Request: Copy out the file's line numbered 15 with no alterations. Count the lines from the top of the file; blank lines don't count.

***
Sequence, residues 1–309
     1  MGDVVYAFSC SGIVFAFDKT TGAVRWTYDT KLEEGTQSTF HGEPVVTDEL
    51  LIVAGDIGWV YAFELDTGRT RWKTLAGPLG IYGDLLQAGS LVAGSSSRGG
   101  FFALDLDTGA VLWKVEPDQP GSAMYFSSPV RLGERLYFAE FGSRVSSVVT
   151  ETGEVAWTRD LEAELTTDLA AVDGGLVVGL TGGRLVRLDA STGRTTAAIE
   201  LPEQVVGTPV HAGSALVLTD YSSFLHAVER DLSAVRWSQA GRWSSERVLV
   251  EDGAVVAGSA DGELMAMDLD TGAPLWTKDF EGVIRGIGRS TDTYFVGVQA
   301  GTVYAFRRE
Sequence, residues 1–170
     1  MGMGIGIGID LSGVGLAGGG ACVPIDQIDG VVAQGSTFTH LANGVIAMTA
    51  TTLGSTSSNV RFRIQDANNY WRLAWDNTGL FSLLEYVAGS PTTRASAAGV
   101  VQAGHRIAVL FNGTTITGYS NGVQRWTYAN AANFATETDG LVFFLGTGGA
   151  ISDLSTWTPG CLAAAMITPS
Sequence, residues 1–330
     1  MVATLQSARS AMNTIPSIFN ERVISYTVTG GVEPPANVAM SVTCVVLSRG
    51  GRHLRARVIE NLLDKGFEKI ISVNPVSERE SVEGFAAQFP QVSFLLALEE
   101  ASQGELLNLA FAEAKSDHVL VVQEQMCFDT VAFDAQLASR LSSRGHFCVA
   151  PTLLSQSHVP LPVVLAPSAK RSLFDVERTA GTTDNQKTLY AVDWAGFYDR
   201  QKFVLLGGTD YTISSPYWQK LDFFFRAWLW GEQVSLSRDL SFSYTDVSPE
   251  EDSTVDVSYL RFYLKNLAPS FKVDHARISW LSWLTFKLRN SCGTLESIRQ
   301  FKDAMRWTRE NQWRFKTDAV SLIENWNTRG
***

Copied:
     1  MVATLQSARS AMNTIPSIFN ERVISYTVTG GVEPPANVAM SVTCVVLSRG